BOOK REVIEW: Michael Alago and Laura Davis-Chanin – “I Am Michael Alago: Breathing Music. Signing Metallica. Beating Death.”

Everybody has a story.

There are many words of wisdom born from the soul of Michael Alago that he has shared in his memoir. Most know him as the music industry legend that signed Metallica to Electra Records and helped guide them on the path to being the biggest band of all time. The Drew Stone documentary Who The F*ck Is That Guy: The Fabulous Journey of Michael Alago (now on Netflix and Amazon) shined a light on him that he deserved for decades. But there is so much more to his story, to the person than bands he signed, and who whom he rubbed shoulders with. The film was a terrific introduction to his life and times and why he deserves the credit he does. The book slowly peels back the years, all the wonderful and terrible things that life can bring and all the in-betweens. A lot of formative times with his family growing up in Brooklyn, dear friends, loves and losses. A terrific tapestry of experiences, stories, and reminiscences. There are many standout movements, including instances of Michael being surrounded the greats of the music and art world; Jerry Brandt, Bill Graham, Danny Fields, Bob Krasnow, Robert Mapplethorpe and many more. It’s cool enough to have met those people, but what really matters is listening and learning from greatness when it comes across your path. He did just that.

I Am Michael Alago: Breathing Music. Signing Metallica. Beating Death. (BackBeat Books), written by Michael Alago with Laura Davis-Chanin (with a foreword by Mina Caputo of Life of Agony and John Joseph of Cro-Mags) is not a narrow thread, but full-bodied like a wave in the ocean. It rises and ebbs, crashes and rises again over the decades. Writing your life story surely takes a lot of resolve to rip off those band-aids all at once. Although Michael jokes about his memory failing him, the attention to detail in each line of this book is startling, and it’s written beautifully. Personal history enmeshes with music history in a nexus of reality often. There is a lot of good fortune and synchronicity, meetings of minds, creative kismet, sweat equity, talent and more on display.

Seemingly a charismatic, magnificent person from the moment he came out of the womb, reading the book, you could be forgiven if you think on the surface he has lived a charmed life at times. In some ways he has. New York is that kind of city where anything is possible. His rise from his first love of music, Punk Rock zine editor and photographer (a talent and passion that continues today), to venue booker, to his rise to music executive, was meteoric. Often as a young adult and future shape of musical genres on a global level, he was the same age or a little older than his artists. But their trust, and that of his bosses, in him was gained and earned because his belief in talent often proved right. It’s more than savvy, or great ears, Michael has a gift of seeing the chessboard of moves needed for success for bands as they are happening and even future moves, which is how stars are born. In addition to the memorable story of how he signed Metallica and White Zombie, there are a plethora of bands, artists, A-list celebs and incredible artists and the memories with them are astounding. Chances are some band you love has worked with Michael or been influenced by an album he worked on across Thrash Metal, Hardcore Punk, Rock, Blues, Jazz, and other genres. Chapters focusing on the Misfits, Cyndi Lauper, John Lydon, Cro-Mags, and Nina Simone make this worth reading on its own. Little excerpts, letters, and quotes of inspiration from his life also dot the pages.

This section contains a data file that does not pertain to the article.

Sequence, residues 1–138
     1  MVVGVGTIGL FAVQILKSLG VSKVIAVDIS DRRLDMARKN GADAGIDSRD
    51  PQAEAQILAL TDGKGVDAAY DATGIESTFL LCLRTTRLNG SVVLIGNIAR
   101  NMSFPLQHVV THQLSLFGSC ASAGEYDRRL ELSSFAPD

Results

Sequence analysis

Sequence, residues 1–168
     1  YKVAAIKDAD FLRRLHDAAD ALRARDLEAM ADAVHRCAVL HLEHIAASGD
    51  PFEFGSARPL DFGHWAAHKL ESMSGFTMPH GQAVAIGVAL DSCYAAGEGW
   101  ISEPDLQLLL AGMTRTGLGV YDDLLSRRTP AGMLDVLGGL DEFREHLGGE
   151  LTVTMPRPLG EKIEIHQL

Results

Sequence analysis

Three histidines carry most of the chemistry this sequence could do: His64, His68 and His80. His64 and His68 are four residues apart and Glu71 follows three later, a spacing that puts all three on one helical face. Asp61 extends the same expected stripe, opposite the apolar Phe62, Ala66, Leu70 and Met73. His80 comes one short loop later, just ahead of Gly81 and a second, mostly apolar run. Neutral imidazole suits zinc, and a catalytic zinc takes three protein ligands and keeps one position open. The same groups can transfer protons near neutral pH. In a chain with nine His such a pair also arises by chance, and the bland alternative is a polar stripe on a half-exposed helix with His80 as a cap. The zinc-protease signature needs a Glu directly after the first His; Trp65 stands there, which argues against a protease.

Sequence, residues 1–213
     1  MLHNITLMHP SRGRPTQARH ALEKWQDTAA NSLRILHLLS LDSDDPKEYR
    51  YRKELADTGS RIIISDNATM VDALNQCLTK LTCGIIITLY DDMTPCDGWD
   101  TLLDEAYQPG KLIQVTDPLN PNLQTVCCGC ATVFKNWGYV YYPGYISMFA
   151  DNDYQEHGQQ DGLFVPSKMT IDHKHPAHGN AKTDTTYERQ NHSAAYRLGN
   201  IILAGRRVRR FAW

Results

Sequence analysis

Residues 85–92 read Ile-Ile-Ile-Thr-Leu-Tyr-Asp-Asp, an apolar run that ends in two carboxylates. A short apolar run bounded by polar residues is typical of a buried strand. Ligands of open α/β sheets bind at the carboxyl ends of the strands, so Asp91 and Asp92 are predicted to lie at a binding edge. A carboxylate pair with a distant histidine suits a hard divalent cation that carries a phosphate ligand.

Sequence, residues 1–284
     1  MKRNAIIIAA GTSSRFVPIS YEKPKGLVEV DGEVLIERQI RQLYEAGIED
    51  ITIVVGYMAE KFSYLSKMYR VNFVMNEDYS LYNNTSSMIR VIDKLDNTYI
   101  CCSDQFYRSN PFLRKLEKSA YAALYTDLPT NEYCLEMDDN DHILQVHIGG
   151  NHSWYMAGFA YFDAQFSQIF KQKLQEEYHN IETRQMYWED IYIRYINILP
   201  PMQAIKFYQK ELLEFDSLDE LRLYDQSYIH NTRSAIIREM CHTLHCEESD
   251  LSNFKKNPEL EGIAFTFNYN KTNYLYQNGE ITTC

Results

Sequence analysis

From his earliest recollections, Alago is very careful to cast a sincere, non-filtered light on himself. Brutal honesty is what this book gives you, even when that honesty shows and unflattering or painful image. Overcoming addiction, defeating AIDS after losing many friends to the disease, has all given him a new lease on life. However, it also shows that more important than getting through trials alive is what you do with your life afterward. Nothing in the book is glossed over or left uncovered it seems. Whenever fate or tenacity matched him up with one of the greats, Michael was just being himself and exuded his own greatness back. Those folks, they seemed to be as taken with him as much as he appreciated being with them. There is that charisma and charm again.

Everybody has a story.

There are definitely a lot of lows in the book that leaves you feeling gutted and gutted for him. Some amends were made and made up for. Some sadness and regrets are peppered in, but not bitterness. There is also a lot of bravery and fearlessness in him, not just risks taken professionally, but to live your truth from day one as well. Not everyone can say that. Today only gratitude and peace color Michael’s world. Michael, like the many mentors he learned from, is now one of those greats passing down what he knows so we may have a glimpse of the engine that fueled the world of music. He is a person that hides nothing and holds nothing back, which is really unique and refreshing in this day and age. This book is essential reading for music fans of all kinds.

Purchase the book here:

9 / 10